Posted on May 8, 2008 (5768) By Rabbi Label Lam | Series: | Level:

And you should sanctify Me in the midst of the Children of Israel… (Vayikra 22:32)

What is meant by “in the midst of the Children of Israel”? Rav Adda the son of Ahava said: “How do you know that an individual cannot say Kedusha? It is written, “And you should sanctify Me in the midst of the Children of Israel” Any matter of holiness should not be with less than ten….It is implied by a shared word “toch” -“the midst”. And you should sanctify Me in the midst of the Children of Israel.” It is also written: “Seaprate from the midst of this evil congregation.” (Bamidbar 16:21) We also learn from “Eda”-congregation. “Until when for this evil congregation” (Bamidbar 14:27) Just as with the twelve spies, minus Calev and Yehushua (who were good) there is ten, so with regard to the congregation of Korach there was ten and here also with matters of Kedusha there needs to be ten.” (Brochos 21B)

Our sages state that we need ten for matters of “Kedusha” because the Divine Presence rests with that critical mass. How is this accomplished? The Sefas Emes explains the dynamic, “That is only with ten, when they are made truly one with one heart, as it is written, “in the midst of the Children of Israel”, which is the hearts of the soul of the close ones. Only the material shell holds back this holiness. However when one is ready to gives himself up and forfeit this physical form then they become a true unit of Israel and “sanctify Me.””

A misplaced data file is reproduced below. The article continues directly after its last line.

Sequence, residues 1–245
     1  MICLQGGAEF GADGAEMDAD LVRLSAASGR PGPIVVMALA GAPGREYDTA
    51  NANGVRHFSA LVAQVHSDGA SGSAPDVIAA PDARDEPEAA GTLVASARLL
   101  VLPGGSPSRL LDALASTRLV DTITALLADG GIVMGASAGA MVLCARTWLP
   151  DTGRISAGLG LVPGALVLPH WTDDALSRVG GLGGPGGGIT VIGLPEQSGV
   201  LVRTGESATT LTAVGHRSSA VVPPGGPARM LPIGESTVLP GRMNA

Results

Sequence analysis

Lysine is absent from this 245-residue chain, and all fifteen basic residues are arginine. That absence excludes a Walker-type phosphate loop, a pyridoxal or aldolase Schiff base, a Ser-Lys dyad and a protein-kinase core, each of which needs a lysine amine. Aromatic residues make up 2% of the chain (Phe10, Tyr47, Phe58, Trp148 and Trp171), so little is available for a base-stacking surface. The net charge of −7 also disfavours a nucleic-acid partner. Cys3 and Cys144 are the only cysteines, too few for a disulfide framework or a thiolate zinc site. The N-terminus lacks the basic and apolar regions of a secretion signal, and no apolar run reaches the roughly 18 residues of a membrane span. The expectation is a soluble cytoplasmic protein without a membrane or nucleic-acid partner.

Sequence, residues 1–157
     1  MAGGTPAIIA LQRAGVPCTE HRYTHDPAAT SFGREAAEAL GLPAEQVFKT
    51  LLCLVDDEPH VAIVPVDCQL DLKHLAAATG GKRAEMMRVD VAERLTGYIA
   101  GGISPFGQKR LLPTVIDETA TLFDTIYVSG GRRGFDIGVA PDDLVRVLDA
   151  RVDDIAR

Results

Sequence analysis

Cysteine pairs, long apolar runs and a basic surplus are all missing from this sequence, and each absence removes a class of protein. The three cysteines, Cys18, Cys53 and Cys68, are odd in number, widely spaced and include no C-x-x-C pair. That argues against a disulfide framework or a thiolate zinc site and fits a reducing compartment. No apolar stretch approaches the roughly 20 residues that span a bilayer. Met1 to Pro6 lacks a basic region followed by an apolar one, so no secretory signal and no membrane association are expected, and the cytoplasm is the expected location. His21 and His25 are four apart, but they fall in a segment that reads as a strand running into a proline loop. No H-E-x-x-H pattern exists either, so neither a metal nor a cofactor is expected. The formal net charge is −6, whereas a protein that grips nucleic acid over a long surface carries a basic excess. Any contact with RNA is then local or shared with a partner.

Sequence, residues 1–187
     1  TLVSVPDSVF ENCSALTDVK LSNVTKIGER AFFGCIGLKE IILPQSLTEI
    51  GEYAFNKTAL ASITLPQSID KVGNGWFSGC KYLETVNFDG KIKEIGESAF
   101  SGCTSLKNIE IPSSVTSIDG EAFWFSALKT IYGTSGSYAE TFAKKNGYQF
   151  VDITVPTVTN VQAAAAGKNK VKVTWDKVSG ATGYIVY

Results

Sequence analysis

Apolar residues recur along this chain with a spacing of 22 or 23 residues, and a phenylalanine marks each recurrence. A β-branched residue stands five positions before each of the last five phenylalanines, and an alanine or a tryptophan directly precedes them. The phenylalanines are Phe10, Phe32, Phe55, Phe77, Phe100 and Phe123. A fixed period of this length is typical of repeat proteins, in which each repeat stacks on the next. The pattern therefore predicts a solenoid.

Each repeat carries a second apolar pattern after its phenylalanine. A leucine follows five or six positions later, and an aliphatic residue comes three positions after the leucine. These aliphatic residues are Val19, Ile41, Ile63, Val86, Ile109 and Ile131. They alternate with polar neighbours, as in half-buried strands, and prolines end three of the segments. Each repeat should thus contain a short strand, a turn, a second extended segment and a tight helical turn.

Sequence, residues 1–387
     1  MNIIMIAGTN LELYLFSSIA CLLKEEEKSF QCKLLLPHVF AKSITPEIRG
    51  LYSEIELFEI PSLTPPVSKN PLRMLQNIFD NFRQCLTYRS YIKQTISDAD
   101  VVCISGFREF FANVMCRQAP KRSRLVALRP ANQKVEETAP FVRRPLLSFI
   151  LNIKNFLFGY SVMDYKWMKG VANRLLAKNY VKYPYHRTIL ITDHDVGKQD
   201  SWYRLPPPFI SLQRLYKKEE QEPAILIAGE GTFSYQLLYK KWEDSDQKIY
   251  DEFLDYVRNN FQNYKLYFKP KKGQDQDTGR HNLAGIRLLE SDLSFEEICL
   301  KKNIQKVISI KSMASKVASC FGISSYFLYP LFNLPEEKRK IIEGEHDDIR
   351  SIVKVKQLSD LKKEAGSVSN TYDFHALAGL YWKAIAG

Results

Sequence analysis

From the outer realm we all seems to have separate and distinct lives. Every single person has his own bank account and body to maintain. At the core, however, we are connected and profoundly unified in the highest common denominator. Similarly, every cell phone is apart from the other, yet through a satellite hookup or a server those pieces of plastic on everyone’s individual hip are really one.

It was years ago. The kids were quite young. We were galloping through the Pesach Seder. We singing enthusiastically “Dayaynu”- “Enough for us- which I appreciate now as a wonderful rhetorical device to offer praise for all the great good HASHEM has done for us all. However, the intoxicating smells wafting from the kitchen I’m afraid, had some thinking, “It’s enough with Seder, let’s get on with the food!” In the middle of that closing stretch of the first part of the Seder, one of my boys had the audacity to do what we all hope a Jewish child would do on Pesach night, he halted the proceedings with a question. “Abba, how could it be “dayaynu” -enough for us- if we would have come to Mount Sinai and not received the Torah? What would that have accomplished?” I have to admit that I was stricken dumb. I had no answer on the spot but I promised two things. 1) I’ll search for an answer. 2) I’ll reward handsomely such a great question.

Days later, because he had asked the question, my mind was alerted to a conversation between two young scholars discussing this same topic. One had asked the same question as my son. The other answered that by Mount Sinai it is written that “Israel camped there next to the Mountain” and the word “camped” curiously is said in a singular fashion, as opposed to preceding plural expressions. Rashi is alert to this point and comments that at that special moment the Jewish People were “like one person with one heart”. It would have been enough to have everyone congregated and aiming together for the highest known goal. Even if the Torah would not have been given, the Kiddush HASHEM created in the midst of such a gathering is by itself worthwhile.

So too, showing up for the Minyan and attending the class with the hope of joining hearts may already be a step forward worthy of the title “holy”. DvarTorah, Copyright © 2007 by Rabbi Label Lam and